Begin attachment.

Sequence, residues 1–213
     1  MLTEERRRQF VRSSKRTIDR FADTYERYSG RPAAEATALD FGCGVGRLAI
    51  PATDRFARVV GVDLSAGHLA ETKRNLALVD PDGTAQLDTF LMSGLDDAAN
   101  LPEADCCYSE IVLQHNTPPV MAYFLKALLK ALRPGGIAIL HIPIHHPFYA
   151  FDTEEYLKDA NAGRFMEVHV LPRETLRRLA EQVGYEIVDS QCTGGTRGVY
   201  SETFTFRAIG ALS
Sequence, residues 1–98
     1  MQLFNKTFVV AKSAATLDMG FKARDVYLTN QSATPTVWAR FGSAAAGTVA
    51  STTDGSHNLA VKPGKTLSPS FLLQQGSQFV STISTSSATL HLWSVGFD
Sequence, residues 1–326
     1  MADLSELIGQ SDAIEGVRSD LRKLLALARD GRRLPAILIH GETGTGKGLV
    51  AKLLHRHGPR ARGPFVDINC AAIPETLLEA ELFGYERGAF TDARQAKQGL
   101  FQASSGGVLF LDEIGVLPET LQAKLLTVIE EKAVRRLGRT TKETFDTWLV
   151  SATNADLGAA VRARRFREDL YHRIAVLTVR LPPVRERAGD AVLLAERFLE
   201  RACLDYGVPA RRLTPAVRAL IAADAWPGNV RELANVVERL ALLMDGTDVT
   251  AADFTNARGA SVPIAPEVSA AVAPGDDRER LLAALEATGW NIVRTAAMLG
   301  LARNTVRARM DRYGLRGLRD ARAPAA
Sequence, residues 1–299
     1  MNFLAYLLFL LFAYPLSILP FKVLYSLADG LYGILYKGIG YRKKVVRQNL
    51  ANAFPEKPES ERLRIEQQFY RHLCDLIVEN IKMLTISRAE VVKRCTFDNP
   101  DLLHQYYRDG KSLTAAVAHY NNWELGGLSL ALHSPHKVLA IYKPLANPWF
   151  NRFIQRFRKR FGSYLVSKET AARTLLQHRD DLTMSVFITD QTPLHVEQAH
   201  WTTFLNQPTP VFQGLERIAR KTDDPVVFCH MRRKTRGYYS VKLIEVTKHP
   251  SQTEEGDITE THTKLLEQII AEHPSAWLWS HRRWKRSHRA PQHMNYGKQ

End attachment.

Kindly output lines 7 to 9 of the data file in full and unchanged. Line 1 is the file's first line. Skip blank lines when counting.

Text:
Sequence, residues 1–98
     1  MQLFNKTFVV AKSAATLDMG FKARDVYLTN QSATPTVWAR FGSAAAGTVA
    51  STTDGSHNLA VKPGKTLSPS FLLQQGSQFV STISTSSATL HLWSVGFD